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Thread: Dummies and SIDS

  1. #1
    Peach Guest

    Default Dummies and SIDS

    Doctors now believe that babies should be given a pacifier at bedtime to reduce the risk of SIDS. Experts believe that the pacifier prevents the baby from sleeping too deeply - a problem with babies prone to SIDS. However, you should not reinsert your babys pacifier if it falls out during sleep, never coat the pacifier with any sweet substance, and dont force a pacifier on your baby if he or she refuses it.
    Interesting ...


  2. #2

    Default

    Hi Jen!

    It is interesting. Where did that come from?

  3. #3
    Peach Guest

    Default

    I get weekly emails from babyweekly on child development and they just sent it to me.

  4. #4

    Join Date
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    Default

    Interesting. Is babyweekly a US site?

    SIDS Australia have rejected the US research on this topic:

    Australian SIDS researchers reject dummy advice
    Posted Tue Dec 13, 2005 8:14am AEDT
    Updated Fri Dec 16, 2005 11:35am AEDT

    Australian researchers have rejected studies emerging from the United States that recommend babies be given dummies to reduce the risk of sudden infant death syndrome (SIDS).

    SIDS researchers in Australia say parents should ignore the US advice.

    Jan Carey from SIDS and Kids says the evidence is not conclusive and the best way to prevent deaths is to sleep babies on their back, with their face uncovered.

    "What we do know and what is conclusive and what is reducing the SIDS rates and fatal sleeping accidents is - it's very important that babies are put to bed on their back to sleep from birth in an environment that's their own environment - not in bed with their parents, with their faces uncovered in a smoke-free environment," she said.

    "The SIDS rates have dropped most dramatically in Australia and the United Kingdom - not so dramatically in the United States and we know that we're leading the world in the reduction of SIDS deaths.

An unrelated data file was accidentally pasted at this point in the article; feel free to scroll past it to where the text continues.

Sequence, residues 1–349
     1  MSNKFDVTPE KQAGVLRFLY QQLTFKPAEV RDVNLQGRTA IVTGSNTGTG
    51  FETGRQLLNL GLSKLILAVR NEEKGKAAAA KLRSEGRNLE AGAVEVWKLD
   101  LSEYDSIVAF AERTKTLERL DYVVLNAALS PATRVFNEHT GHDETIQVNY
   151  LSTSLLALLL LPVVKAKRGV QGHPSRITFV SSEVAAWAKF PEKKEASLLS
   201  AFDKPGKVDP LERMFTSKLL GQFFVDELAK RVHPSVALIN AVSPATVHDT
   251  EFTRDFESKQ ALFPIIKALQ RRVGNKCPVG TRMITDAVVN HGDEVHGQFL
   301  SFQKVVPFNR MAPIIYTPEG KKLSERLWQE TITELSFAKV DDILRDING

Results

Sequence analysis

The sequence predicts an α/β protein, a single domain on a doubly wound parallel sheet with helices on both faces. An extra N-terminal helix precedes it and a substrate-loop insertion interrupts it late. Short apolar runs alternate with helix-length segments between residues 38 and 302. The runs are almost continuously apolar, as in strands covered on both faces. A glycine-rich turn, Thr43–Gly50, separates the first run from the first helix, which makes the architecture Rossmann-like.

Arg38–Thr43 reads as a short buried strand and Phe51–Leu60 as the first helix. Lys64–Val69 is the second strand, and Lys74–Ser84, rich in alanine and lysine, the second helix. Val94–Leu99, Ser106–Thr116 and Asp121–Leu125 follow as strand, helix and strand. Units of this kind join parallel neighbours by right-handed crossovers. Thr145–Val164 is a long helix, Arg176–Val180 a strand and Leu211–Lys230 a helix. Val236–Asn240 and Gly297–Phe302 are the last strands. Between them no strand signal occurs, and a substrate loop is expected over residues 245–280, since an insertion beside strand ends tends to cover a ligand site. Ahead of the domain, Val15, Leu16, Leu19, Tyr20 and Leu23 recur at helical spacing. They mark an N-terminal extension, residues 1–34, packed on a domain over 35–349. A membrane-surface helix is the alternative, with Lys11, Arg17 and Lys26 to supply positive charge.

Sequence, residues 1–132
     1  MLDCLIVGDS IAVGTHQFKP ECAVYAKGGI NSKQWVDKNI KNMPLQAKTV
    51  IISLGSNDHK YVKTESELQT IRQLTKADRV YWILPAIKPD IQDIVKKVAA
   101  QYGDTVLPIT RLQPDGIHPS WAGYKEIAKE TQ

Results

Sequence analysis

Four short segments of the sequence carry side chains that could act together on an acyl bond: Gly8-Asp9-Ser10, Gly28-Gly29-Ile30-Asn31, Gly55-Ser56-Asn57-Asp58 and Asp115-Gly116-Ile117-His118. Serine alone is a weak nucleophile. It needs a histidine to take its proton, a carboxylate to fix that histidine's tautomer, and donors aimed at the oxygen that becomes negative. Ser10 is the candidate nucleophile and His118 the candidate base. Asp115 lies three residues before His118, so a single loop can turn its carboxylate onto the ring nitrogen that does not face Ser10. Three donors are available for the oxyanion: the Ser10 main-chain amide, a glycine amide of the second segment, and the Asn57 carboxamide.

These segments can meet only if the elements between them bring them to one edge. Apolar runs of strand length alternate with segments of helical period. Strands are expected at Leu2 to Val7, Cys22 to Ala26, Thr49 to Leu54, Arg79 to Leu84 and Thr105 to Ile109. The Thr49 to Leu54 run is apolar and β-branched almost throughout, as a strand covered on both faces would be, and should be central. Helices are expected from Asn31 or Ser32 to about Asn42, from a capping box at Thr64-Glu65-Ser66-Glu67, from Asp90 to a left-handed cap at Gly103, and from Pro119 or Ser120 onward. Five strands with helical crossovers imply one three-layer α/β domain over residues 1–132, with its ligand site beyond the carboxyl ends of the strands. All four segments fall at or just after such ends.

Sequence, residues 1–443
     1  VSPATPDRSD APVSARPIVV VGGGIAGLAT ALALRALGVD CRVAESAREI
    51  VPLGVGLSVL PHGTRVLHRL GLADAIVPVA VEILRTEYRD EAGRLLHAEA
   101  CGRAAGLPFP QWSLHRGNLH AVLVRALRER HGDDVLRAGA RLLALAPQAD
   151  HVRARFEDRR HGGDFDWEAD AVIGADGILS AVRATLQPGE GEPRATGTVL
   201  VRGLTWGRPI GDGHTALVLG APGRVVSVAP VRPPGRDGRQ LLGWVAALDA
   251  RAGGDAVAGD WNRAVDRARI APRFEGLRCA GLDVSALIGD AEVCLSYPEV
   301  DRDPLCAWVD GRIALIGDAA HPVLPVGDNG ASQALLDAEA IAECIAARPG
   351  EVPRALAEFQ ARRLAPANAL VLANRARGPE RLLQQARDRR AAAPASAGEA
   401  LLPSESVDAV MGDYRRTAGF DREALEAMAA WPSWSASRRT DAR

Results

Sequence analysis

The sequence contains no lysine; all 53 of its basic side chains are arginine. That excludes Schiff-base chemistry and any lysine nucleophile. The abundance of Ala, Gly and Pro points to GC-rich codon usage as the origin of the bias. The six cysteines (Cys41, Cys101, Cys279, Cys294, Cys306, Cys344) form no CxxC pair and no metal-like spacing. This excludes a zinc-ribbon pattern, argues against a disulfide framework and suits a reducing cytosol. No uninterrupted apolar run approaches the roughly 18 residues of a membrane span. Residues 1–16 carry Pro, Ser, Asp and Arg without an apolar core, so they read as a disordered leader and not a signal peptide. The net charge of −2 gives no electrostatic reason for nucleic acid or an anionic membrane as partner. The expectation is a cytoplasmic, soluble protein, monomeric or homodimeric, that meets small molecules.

"So we want to make sure that parents focus on that and don't think that if they give a baby a dummy that that's all they have to do."
    From a personal perspective, I have some niggles that concern me about not allowing babies to sleep deeply. Obviously I would do anything recommended to minimise the risk of SIDS, but I am at odds with attempting to not allow a baby sleep its natural sleep.....IYKWIM?

  5. #5

    Default

    Im not a dummy fan...but will admit both my girls have them. Ive heard the SIDS/Dummy link before from my GP...

    Interesting Lucy....but i see their point...if it was as easy as just giving a dummy and then parents think their babies are safe from SIDS.

  6. #6
    Peach Guest

    Default

    a naturopath that i knew told me there was also a link between imunisations and sids *apparantly* in japan they dont immunise till the children are 2 and sids is extremely low compared to us... not sure how credible the info is tho.

    I give my little one a dummy to go to bed (only in the last 2 weeks she has started taking a dummy) because she usually feed herself to sleep and when i take the booby away she wakes so a dummy for me has been a godsend, however I take it out once she has fallen into a deep sleep. I do know what you mean lucy about interfering with nature...

  7. #7

    Join Date
    Feb 2007
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    Queensland
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    I have never heard anything about dummies and sids - interesting. Angus has a dummy but only because he too was BF to sleep and would wake up when he fell off as such. He only took it when he was about 4weeks old. i have to say he is a very light sleeper, but does spit it out at night when he is in his deep sleep!

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